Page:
You’ve seen it in movies like Black Hawk Down, rope sliding soldiers out of a hovering helicopter is both operationally powerful and inherently dangerous. But new technology has been developed that promises safe and accurate airborne insertions that could have commercially interesting civilian applications.
It’s called the ABIS, like falling into the abyss, but stands for auto belay insertion system, and a team of Air Force Academy engineering cadets invented its components for their capstone project.
The cadets’ work has led to four patent applications, but started with brainstorming ways to improve on current insertion methods. Ideas that didn’t fly included inflating boots and Iron Man suits, said Lt. Col. Cory Cooper, director of the systems engineering program at the academy.
Ultimately, the cadets decided to focus on adapting an existing technology found in rock climbing gyms called an auto belay – a self-regulating braking device that lowers a fallen climber at a safe, constant rate.
Their challenge was in mounting an auto belay device to a helicopter, which had never been done before, and adding a hand brake.
“Why do you want a brake? The community’s we talked to (said) if you’re coming on station over a building or over a ship, and say the vehicle drifts off of the building, or the ship changes where it’s at,” Cooper said. “You’d like to have the ability to brake or else you’re going to go for a swim or off the side of a building.”
Over two semesters, the students conducted experiments, built prototypes, and tested their designs. The result was three patent pending devices: an ingenious push-lock attachment for mounting the system to the helicopter, a hand-operated pulley brake that eases into a full stop, and a quick-release harness that also prevents users from tipping over.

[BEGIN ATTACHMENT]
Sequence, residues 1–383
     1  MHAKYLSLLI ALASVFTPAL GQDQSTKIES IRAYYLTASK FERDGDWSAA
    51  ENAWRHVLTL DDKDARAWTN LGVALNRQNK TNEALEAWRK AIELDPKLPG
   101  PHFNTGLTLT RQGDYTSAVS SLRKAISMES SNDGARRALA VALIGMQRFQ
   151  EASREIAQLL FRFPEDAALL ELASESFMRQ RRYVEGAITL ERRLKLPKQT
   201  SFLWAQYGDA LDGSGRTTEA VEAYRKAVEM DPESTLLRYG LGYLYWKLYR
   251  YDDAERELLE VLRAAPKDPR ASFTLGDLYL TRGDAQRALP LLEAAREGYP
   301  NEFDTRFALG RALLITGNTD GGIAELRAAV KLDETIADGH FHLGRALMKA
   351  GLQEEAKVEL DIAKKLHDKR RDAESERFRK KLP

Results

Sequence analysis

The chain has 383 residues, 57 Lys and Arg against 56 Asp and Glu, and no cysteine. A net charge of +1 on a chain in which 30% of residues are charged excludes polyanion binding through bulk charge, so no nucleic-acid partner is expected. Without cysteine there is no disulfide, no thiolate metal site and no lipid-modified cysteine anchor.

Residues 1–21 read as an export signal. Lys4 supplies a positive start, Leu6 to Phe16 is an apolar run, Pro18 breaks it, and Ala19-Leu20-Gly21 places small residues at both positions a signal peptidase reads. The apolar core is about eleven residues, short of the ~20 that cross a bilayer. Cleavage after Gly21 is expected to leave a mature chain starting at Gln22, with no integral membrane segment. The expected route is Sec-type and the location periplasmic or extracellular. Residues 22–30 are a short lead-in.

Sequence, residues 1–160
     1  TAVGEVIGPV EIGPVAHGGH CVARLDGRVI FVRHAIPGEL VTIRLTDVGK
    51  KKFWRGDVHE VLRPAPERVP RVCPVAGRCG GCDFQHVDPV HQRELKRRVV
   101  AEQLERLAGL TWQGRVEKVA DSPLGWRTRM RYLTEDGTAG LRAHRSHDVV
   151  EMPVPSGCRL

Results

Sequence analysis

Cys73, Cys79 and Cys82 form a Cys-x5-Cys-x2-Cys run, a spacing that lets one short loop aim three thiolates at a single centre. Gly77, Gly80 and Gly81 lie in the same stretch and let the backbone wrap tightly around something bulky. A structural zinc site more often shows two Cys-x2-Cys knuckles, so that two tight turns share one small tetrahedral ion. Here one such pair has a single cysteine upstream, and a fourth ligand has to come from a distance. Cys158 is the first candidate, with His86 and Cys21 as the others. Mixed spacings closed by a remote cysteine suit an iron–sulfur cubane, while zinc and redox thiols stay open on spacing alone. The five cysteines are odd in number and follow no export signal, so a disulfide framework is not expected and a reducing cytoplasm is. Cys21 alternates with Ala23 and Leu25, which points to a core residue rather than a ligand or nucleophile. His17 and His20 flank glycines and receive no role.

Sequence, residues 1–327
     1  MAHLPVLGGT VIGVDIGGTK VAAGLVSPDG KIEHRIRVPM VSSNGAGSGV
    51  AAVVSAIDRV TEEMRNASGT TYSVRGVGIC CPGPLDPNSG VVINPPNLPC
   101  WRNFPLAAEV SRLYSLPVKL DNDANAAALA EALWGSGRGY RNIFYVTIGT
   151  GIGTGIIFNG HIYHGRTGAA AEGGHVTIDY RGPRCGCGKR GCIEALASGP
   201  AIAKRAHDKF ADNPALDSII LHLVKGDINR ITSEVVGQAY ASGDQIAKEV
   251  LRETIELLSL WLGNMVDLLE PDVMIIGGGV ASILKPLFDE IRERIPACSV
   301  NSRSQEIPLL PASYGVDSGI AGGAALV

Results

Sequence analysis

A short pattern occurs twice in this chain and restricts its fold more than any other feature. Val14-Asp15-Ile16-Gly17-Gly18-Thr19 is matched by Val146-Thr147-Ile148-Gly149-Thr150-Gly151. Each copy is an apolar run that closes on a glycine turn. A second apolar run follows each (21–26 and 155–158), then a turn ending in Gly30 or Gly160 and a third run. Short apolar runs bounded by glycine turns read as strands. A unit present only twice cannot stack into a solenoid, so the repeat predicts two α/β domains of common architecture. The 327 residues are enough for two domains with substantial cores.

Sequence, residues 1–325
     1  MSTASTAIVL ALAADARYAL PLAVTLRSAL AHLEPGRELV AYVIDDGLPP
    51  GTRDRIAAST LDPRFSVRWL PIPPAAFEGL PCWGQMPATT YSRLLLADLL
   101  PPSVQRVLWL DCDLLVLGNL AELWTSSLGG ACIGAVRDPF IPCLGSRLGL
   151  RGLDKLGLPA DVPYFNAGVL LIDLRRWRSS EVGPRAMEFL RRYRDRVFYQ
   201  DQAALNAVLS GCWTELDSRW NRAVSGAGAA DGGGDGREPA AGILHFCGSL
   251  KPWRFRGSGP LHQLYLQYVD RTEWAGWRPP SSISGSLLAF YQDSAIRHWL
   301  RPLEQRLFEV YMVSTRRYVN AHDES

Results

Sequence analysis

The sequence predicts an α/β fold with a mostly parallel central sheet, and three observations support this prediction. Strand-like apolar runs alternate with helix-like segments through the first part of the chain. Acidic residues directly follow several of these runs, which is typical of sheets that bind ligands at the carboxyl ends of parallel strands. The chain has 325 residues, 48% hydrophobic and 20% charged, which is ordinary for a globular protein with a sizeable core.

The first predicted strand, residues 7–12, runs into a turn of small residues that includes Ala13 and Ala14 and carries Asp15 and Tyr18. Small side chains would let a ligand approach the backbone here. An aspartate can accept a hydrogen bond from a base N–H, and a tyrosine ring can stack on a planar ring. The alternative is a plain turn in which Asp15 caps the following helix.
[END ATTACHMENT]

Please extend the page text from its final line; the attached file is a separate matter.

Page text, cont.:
“The stakeholders we were talking to wanted to be off it as soon as possible,” Cooper said while discussing the quick release at a conference in September (video below). “Once their feet touch the ground, or in some cases a couple of inches before.”
The demonstrated system also automatically retracts back to the helo after the operator disconnects, whereas bulky fast ropes are often cut loose and left behind.
With the inventions disclosed, TechLink, the Department of Defense’s national partnership intermediary, is seeking industry partners to license the designs for product development.
Brian Metzger, senior technology manager at TechLink, said the system’s capabilities benefit non-military users like search and rescue and law enforcement operators.
“The ABIS is a solution for a safe method to rapidly descend in a controlled manner and it’s at a high technical readiness level,” Metzger said. “Once a small business gets a patent license, they could immediately begin building product.”
Troy Carter can be reached at firstname.lastname@example.org or 406-994-7798.